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    $\begingroup$ One thing to know about Sage is that it uses many preexisting earlier components (other open-source math projects) and has interfaces to various other software. Thus if you start to familiarize yourself with Sage in detail you will get to know other projects automatically. My impression from observation not involvement some time ago was that Sage is very welcoming to new contributors. Sage is mature enough to be used both for research and for teaching on a regular basis in various math-subjects. $\endgroup$ – quid Aug 15 '13 at 11:31

As an example, Sage certainly welcomes contributors - you can see current enhancement and bug requests at trac.sagemath.org and there is lots to do all the way from assembler in some of the subcomponents like Flint to Python to C++ in Pynac to web programming with the sagenb and cloud...

The developer guide is pretty comprehensive in terms of initial conditions. Creation of a Trac account is the most important part, though significant discussions also take place on the sage-devel Google group. We use git as our version control system, for better or for worse. Naturally, reporting bugs, helping sift through reports, helping other users e.g. at ask.sagemath.org are also all very valuable contributions.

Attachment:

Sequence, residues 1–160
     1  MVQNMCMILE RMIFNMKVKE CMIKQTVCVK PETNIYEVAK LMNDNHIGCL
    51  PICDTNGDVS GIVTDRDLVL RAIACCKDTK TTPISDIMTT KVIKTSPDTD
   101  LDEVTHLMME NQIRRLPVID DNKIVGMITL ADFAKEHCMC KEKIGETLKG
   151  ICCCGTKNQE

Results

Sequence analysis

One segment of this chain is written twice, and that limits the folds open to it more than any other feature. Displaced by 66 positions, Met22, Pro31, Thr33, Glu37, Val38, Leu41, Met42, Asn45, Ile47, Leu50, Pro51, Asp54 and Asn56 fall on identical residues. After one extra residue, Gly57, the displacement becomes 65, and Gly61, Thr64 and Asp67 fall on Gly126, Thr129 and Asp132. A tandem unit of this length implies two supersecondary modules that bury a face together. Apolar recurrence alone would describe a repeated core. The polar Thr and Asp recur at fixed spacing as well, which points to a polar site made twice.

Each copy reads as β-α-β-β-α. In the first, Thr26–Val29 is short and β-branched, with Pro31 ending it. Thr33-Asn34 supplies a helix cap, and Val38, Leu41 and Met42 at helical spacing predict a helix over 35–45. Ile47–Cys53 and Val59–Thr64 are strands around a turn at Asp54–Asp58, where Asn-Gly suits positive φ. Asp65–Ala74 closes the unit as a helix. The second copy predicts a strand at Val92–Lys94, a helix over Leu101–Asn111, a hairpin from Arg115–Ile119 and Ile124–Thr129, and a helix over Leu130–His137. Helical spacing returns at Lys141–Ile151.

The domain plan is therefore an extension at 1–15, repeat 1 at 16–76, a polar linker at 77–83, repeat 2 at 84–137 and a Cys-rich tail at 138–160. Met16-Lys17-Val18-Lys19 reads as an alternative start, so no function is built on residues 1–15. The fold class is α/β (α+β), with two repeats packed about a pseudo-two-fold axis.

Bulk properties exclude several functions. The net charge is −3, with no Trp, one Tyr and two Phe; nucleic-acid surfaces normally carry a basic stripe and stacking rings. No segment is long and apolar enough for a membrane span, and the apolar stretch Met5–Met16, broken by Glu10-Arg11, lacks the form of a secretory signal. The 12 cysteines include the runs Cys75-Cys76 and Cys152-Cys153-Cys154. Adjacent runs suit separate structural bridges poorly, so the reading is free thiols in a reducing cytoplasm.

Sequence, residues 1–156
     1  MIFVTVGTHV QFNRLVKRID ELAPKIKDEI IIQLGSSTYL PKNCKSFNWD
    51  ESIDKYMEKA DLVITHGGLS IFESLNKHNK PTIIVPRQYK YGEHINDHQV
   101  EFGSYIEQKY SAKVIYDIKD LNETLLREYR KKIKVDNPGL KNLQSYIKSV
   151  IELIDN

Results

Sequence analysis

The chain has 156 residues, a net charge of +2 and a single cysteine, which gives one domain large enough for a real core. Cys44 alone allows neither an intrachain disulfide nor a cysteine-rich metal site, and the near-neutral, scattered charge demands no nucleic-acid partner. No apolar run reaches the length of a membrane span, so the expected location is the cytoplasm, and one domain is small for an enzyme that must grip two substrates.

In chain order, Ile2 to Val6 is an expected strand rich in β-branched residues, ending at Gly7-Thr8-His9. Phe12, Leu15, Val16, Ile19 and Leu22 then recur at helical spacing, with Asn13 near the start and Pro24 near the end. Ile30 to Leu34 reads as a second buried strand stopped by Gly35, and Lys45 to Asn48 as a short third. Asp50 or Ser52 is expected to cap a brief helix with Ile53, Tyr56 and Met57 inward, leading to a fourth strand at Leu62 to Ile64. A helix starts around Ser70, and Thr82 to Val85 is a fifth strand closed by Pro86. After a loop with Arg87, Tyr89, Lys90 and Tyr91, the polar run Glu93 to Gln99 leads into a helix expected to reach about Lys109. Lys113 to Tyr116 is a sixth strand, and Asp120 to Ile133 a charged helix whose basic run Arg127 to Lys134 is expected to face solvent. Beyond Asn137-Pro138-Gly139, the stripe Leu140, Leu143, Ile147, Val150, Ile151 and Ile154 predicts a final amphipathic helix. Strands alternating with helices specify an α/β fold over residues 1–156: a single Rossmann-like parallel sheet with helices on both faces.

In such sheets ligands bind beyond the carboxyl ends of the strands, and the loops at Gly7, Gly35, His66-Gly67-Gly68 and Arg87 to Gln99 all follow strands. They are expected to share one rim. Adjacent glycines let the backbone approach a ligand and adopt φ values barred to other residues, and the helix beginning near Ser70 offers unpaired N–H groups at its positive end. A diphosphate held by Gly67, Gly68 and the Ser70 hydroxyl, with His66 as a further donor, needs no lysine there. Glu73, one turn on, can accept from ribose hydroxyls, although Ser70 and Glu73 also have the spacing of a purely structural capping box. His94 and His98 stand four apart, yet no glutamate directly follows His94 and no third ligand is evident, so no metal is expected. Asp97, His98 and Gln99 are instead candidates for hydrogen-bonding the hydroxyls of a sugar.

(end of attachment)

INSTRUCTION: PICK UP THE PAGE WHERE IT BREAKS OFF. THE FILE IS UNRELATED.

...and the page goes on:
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    $\begingroup$ There are many, many components of Sage that would also fill the bill of what you are looking for - ginac.de and sympy.org/en/index.html are both natural places to look. $\endgroup$ – kcrisman Feb 24 '15 at 21:18
  • $\begingroup$ thankyou. As it happens I was looking into sage and another project I am interested in 1-2 weeks ago. As both are very large projects I found it very hard to know where to start. Your post is helpful in trying to bridge that gap; thankyou. $\endgroup$ – TooTone Feb 25 '15 at 17:18
  • $\begingroup$ @TooTone: about bridging the GAP :) as of recently, GAP is now also on GitHub, see github.com/gap-system/gap $\endgroup$ – Alexander Konovalov Mar 6 '15 at 12:39

As another example, the development of the GAP system for discrete computational algebra is now hosted on GitHub: https://github.com/gap-system/gap.

The GAP Project welcomes contributions from everyone, in the form of code, documentation, blog posts, etc. For contributions to the GitHub repository, please read the guidelines.

GAP is redistributed with more than a hundred packages, some of which use GitHub or Bitbucket and are listed here or may be found under virtual organisations "gap-system" and "gap-packages" on GitHub and "gap-system" on BitBucket.

To keep up to date on GAP news (discussion of problems, release announcements, bug fixes), you can subscribe to the GAP forum and GAP development mailing lists, notifications on GitHub, and follow GAP on Twitter.

If you have any questions about working with GAP, you can ask them on GAP forum (requires subscription) or GAP Support mailing lists.

Finally, on this site we have the gap tag for mathematical questions involving GAP: https://math.stackexchange.com/questions/tagged/gap